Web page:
Monday, April 30, 2012

Nasfund profits slump in 2011

Nasfund last Friday announced a massive slump in profits from K308.658 million in 2010 to a mere K44.662 million in 2011, The National reports.
It said the slump was mainly because of currency appreciation, peaking property valuations and softening of share values in its listed equities.
Not much much detail was given about how the controversial Sovereign Community Infrastructure Treasury Bill (SCITB) K125 million investment impacted on its final earnings.
Nasfund said 2% out of its reserves of K97 million - equating to K44.531 million - would be distributed into individual member accounts.
The audited accounts revealed:
• Net assets of K2.338 billion representing an increase of 7.5% from a net asset value of K2.221 billion recorded in 2010;
• Reserves of K97.5 million representing 4% of net asset value before distribution;
• Operating profit before provision for contingent liabilities and related impairments of K44.662 million compared to K308.658 million recorded in 2012.
In the area of membership, the fund recorded:
• Active membership base of 153, 397 representing a growth of 13.8% increase from 140, 545 members in 2010;
• Active employer base of 2,107 employers representing an 8% increase from 1,943 employers in 2010;
• Average monthly contribution inflows of K28 million from employers, representing an increase of 13% compared to K24.7 million received month in 2010; and
• Payment of K166.28 million to 55, 086 members in unemployment, retirement and housing advance benefits, compared to 74, 323 members withdrawing in 2012, representing a reduction of 25% of members withdrawing from the fund.
Chairman Mel Togolo said the year 2011 was a very challenging year, not only for Nasfund but the superannuation industry.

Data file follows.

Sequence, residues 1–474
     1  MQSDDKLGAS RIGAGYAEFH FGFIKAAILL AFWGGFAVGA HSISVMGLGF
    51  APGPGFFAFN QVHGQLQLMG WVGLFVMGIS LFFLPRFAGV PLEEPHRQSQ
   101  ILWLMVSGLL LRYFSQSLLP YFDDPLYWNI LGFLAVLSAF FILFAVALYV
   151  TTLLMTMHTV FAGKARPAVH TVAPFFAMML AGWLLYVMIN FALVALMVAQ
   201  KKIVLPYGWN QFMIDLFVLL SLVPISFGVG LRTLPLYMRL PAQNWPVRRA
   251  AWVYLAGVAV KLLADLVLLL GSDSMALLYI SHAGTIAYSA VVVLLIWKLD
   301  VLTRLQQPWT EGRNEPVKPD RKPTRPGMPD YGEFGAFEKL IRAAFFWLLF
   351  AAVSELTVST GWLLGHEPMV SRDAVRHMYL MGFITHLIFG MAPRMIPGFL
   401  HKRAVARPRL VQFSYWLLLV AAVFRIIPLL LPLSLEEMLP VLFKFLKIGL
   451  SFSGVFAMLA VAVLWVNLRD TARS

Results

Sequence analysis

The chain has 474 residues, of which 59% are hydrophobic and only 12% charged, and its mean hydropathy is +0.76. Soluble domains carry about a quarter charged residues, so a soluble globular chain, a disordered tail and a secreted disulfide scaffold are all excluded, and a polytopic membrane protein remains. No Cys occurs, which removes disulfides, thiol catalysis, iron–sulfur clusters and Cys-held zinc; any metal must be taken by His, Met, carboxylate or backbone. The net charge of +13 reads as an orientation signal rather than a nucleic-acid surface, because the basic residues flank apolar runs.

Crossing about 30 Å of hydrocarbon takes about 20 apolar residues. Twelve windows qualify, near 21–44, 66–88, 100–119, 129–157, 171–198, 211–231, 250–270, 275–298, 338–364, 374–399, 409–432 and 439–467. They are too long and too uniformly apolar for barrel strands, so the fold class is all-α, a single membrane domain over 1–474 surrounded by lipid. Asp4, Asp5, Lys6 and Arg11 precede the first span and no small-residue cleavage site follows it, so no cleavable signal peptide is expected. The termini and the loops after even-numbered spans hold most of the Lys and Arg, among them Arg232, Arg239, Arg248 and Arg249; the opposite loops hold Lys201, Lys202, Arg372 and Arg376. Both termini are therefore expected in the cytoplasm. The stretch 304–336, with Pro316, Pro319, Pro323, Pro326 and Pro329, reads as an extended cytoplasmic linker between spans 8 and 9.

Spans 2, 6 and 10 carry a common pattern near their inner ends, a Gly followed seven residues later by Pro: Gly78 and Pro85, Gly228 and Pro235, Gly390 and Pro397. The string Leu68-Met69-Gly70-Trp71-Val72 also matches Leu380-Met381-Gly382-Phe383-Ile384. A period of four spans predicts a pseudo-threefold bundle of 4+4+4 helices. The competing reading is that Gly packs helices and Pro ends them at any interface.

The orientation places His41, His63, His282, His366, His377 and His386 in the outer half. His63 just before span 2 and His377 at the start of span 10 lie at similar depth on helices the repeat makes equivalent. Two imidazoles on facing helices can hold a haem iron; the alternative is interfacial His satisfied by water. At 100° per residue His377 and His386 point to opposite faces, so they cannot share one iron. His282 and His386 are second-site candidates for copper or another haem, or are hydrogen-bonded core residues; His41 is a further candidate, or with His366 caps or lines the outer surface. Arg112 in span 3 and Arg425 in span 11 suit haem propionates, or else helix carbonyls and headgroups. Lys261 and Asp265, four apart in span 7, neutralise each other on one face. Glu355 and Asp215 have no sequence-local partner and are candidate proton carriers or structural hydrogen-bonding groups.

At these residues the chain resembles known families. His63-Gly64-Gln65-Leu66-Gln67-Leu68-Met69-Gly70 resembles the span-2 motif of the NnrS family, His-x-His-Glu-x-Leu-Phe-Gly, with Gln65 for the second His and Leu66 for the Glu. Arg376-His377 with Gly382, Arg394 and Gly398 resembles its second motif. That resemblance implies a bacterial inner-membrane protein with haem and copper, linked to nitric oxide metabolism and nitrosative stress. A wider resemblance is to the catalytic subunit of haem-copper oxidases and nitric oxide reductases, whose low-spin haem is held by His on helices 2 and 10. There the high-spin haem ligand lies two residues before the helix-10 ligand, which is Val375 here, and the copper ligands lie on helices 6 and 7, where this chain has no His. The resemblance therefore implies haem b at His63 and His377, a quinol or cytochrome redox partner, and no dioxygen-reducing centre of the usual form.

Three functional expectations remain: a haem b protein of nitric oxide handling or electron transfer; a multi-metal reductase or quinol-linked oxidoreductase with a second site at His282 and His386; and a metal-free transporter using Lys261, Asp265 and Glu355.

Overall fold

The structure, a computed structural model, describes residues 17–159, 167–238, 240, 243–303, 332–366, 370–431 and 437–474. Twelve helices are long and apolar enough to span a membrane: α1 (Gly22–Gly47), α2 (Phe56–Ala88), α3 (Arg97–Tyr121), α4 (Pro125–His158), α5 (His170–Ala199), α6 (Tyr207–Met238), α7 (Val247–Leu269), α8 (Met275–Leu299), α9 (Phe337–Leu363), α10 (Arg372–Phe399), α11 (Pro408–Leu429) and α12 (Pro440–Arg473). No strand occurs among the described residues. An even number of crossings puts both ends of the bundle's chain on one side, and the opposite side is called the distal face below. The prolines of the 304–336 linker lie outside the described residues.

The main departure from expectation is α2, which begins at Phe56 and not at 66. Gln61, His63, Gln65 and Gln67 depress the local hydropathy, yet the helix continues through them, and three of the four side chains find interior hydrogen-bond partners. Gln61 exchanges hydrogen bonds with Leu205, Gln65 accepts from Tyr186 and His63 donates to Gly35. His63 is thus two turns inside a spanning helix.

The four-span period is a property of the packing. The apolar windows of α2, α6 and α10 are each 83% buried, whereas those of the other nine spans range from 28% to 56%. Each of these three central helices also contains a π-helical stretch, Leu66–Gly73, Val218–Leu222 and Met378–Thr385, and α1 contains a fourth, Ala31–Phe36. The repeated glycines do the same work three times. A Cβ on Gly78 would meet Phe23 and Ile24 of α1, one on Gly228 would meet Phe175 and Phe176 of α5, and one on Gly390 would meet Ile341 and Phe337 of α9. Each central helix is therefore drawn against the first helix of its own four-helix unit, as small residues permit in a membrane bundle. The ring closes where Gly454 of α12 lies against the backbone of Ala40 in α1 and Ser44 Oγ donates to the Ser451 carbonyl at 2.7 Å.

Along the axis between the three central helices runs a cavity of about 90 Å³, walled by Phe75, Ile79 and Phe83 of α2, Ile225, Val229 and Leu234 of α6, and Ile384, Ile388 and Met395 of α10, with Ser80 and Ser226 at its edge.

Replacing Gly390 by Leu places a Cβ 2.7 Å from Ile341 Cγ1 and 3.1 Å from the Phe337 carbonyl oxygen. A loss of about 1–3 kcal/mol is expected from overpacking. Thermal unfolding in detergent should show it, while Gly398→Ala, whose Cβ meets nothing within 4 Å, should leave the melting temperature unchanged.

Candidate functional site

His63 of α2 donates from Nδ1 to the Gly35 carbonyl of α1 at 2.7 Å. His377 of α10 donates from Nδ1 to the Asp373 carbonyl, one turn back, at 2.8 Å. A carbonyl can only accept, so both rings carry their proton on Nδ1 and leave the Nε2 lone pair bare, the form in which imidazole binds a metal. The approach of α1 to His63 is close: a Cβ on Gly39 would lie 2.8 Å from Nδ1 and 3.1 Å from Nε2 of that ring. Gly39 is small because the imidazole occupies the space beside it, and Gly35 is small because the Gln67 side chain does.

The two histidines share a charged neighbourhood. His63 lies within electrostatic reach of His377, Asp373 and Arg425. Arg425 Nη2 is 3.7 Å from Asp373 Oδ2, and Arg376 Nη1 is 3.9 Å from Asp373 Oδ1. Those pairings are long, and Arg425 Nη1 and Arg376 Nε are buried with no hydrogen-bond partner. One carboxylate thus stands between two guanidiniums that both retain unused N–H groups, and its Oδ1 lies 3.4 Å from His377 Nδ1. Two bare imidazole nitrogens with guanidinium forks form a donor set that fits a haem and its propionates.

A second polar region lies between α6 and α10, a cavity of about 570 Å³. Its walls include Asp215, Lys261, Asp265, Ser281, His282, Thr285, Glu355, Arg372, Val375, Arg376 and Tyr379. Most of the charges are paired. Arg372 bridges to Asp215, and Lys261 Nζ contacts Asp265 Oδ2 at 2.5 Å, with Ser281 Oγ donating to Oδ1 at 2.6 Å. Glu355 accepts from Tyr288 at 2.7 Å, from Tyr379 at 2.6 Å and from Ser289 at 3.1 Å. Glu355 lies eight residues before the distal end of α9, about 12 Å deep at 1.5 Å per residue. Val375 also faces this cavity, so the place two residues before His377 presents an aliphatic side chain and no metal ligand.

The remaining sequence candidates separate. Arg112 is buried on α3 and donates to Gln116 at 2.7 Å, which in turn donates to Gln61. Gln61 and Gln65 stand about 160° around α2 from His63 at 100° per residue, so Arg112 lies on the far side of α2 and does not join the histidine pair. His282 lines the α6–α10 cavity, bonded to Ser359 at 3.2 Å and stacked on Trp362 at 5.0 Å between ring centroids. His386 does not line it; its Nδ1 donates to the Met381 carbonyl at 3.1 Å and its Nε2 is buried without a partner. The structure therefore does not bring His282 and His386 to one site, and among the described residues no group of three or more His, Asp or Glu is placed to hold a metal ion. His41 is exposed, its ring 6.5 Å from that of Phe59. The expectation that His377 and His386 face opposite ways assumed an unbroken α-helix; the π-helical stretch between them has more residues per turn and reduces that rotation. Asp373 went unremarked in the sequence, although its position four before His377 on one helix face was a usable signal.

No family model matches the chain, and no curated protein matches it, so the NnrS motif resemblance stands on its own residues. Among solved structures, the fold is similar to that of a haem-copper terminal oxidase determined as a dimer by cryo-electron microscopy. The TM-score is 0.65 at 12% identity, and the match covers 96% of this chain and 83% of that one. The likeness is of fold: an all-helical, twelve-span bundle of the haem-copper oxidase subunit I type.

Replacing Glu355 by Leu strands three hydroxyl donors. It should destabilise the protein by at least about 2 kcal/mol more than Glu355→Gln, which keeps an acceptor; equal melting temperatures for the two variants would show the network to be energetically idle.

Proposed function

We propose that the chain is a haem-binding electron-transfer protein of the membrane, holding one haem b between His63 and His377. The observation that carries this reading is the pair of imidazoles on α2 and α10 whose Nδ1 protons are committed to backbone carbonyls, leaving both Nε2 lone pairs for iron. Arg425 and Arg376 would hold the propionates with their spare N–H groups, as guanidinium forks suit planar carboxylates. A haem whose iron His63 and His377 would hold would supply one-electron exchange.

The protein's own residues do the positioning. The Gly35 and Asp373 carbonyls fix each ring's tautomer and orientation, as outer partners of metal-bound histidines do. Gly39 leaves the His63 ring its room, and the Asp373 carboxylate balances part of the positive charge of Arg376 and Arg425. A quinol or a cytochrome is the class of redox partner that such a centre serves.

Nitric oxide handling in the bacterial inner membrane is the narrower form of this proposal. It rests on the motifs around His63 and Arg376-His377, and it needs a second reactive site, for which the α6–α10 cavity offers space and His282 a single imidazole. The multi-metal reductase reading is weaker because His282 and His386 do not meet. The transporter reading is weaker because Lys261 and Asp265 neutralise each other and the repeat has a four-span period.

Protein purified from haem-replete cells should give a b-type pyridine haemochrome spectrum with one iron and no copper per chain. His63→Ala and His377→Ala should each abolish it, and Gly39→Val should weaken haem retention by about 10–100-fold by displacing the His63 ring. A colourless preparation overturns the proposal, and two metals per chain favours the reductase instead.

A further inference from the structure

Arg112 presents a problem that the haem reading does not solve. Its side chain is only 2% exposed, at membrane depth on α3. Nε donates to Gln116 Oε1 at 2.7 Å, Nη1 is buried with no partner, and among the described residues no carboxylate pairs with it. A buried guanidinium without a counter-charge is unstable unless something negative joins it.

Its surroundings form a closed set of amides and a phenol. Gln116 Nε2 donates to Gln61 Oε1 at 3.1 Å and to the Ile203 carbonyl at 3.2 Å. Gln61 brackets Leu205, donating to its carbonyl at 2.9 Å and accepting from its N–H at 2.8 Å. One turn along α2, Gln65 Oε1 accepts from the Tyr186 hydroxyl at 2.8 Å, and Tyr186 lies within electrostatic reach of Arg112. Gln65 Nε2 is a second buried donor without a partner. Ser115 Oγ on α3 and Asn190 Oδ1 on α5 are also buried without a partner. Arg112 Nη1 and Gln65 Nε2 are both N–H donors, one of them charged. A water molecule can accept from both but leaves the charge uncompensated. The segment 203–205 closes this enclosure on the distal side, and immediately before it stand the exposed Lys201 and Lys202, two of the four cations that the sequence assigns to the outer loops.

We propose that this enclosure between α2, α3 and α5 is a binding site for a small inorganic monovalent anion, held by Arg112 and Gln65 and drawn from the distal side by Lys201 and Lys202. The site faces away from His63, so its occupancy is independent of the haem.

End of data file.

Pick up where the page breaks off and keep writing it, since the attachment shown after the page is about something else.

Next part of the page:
Mel Togolo… a very challenging year, not only for Nasfund but the superannuation industry
“From an industry perspective, our respective investment portfolios were adversely impacted by currency appreciation against the Australian dollar, peaking property valuations and softening of share values in our listed equities,” he said.
“These were the main drivers of capital gains in the past, which saw funds in PNG recording high profits and delivering double digit returns.
“Those days are over and with the advent of the global financial crisis still lingering in the western world, its effect is now being felt by our own economy in which we operate and invest.
“Despite these setbacks, our industry has been resilient and strong enough to continue delivering positive crediting rates compared to super funds in Australia, for example, who are still experiencing high negative returns.”
Togolo said for the fund itself, the SCITB investment was a stark reminder that consultation with the state and all its instrumentalities was paramount to achieving desired feedback outcomes without recourse to legal challenges.
Togolo said the board’s strategy of setting aside savings in the good years and maintaining a high reserve level was now bearing fruit.
“Even where we are recording a loss as a consequence of high provisioning to accommodate a K40 million general impairment to cover amongst others, the resolution of the SCITB investment with the state, we are still able to pay a competitive rate to members,” he said.
“The board approved to pay 2% out of its reserves of K97 million, which equates to approximately K44.531 million, to be distributed into individual member accounts.
“This will leave the fund with K43.5 million in reserves, which equates to 1.82% of net asset value.
“For members who exit the fund in 2012, the interim crediting rate is 1.5%.”

1 comment:

  1. Anonymous8:45 PM

    Why has Nasfund stopped communicating to their members through their website. The monthly newsletter is behind by 6 months. What was the interest rate credited to members